Economics teaches us that rationally, we should ignore sunk costs and instead focus on marginal benefits. (An example of this principle that I often use: you read a book halfway and discover it's utter crap. Do you finish it? This applies to any other good which is consumed slowly.) Yet what's often not added to that is that your sunk costs can dramatically affect your (perceived or non-perceived) marginal benefits. Once you've invested time into something it becomes more beneficial for you to continue then to start over again - at least in the short-run. The marginal benefit to continuing with philosophy and economics might have been, to apply a random number, 1 compared to the 2 of chemistry back then, but at this point I might have fallen behind to the point where that is no longer the case. Then again, obviously the marginal benefit to studying a hard science seemed lower to me then - I saw in economics and philosophy an overarching view of the world which encompasses everything. And I couldn't stand not knowing what that theory said. Now that I know the main theory, however, I should move on.

This is similar to a dilemma that I face. It might be more beneficial in the long-run for me to focus on something scientific rather than philosophy, but if I was to do that all my work towards philosophy would be wasted and I wouldn't get a philosophy degree. That philosophy degree might be useful. But what would certainly be useful is a mathematics, chemistry, or computer science degree. And at some level, shouldn't I take into account these sunk costs, especially if by investing these three years into philosophy I will forever be behind if I went to chemistry?

Firms face a dilemma with sunk costs. They have no way of knowing how much it will cost to research and implement expensive new technologies, nor what exactly the benefit will be, nor at what point the full benefits will appear. One can invest a huge amount of money into a project, then, citing economics, scrap it - only to find later that if you'd continued on the project you would have reaped enormous rewards. And the opposite can happen.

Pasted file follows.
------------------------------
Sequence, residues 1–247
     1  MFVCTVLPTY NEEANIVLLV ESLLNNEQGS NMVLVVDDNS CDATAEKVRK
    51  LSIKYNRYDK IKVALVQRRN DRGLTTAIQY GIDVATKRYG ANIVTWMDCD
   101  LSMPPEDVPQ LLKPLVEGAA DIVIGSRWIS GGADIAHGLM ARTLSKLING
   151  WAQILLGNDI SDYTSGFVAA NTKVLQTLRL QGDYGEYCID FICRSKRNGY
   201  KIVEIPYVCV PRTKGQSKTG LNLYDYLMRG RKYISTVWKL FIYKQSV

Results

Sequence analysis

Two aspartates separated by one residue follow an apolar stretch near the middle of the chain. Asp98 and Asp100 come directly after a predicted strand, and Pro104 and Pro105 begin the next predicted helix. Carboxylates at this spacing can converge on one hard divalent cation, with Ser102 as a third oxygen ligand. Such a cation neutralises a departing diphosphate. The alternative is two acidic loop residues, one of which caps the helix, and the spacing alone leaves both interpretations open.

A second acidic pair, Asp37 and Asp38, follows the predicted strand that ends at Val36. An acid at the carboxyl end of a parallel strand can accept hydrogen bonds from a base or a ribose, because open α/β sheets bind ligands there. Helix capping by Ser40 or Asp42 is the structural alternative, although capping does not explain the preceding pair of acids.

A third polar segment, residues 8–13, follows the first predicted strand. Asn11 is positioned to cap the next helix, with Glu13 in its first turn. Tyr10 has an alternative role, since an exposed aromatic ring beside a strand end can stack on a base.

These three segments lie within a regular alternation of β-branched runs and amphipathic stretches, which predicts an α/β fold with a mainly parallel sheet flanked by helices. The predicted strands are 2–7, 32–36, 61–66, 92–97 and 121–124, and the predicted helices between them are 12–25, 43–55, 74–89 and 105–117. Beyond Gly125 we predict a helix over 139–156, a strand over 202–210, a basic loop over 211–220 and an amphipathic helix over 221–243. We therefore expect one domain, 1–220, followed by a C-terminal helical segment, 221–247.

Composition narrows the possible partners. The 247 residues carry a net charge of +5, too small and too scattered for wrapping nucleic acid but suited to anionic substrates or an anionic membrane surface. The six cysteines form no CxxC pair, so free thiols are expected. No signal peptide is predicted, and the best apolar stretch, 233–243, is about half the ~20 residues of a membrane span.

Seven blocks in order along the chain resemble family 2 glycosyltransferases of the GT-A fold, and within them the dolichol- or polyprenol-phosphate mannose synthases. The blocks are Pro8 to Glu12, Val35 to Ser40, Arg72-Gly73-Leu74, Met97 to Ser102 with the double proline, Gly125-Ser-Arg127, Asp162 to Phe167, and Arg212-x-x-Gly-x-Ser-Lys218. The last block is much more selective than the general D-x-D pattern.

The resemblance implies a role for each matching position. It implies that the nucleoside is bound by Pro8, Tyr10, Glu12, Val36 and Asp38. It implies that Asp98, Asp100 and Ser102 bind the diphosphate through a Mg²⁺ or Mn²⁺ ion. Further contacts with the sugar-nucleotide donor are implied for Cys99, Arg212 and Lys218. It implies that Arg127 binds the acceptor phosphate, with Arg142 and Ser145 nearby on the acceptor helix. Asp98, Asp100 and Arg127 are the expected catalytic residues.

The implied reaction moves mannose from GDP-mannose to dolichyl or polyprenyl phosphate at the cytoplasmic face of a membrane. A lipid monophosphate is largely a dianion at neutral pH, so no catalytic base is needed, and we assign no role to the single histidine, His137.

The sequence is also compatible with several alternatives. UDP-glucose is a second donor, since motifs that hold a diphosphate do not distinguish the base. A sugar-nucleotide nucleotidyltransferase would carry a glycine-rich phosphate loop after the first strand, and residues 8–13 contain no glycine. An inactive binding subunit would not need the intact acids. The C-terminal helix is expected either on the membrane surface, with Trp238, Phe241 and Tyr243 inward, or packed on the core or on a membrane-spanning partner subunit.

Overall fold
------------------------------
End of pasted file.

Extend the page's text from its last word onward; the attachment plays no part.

Friday, March 16, 2007

Cost Curves

How easy is it to really come up with a long-run cost function in which fixed costs are no longer fixed? It certainly doesn't seem easy to me. Yet this is never mentioned in the economics classes that I take.

Then again, I can see how you could start to analyze it, by predicting how much increased fix costs would cost and how much they would increase output.


Why the fuck is their a Google ad offering to sell plastic bottles, with a link named "Plastic Bottles Cancer".

Can these people really afford to pay for an ad? What is going on here?

Monday, March 12, 2007

The Clouds by Aristophanes

The Clouds is so amusing:

STUDENT: All right. Chaerephon of Sphettus once asked Socrates whether, in his opinion, a gnat buzzed through its mouth or through its anal sphincter.

STREPSIADES: What did Socrates say about the gnat?

STUDENT: He said that the gnat’s intestinal tract
was narrow—therefore air passing through it,
because of the constriction, was pushed with force
towards the rear. So then that orifice,
being a hollow space beside a narrow tube,
transmits the noise caused by the force of air.

STREPSIADES: So a gnat’s arse hole is a giant trumpet!
O triply blessed man who could do this,
anatomize the anus of a gnat!
A man who knows a gnat’s guts inside out
would have no trouble winning law suits.

STUDENT: Just recently he lost a great idea—
a lizard stole it!

STREPSIADES: How’d that happen? Tell me.

STUDENT: He was studying movements of the moon—
its trajectory and revolutions.
One night, as he was gazing up, open mouthed,
staring skyward, a lizard on the roof
relieved itself on him.

STREPSIADES: A lizard crapped on Socrates! That’s good!

Whenever one thinks of ancient literature they think of boring, slow, or hard to understand stuff. This shit is too hilarious.

There is some irony in the later stuff as well.

Thursday, March 08, 2007


It is worst when you are intelligent enough to know that you are not truly intelligent.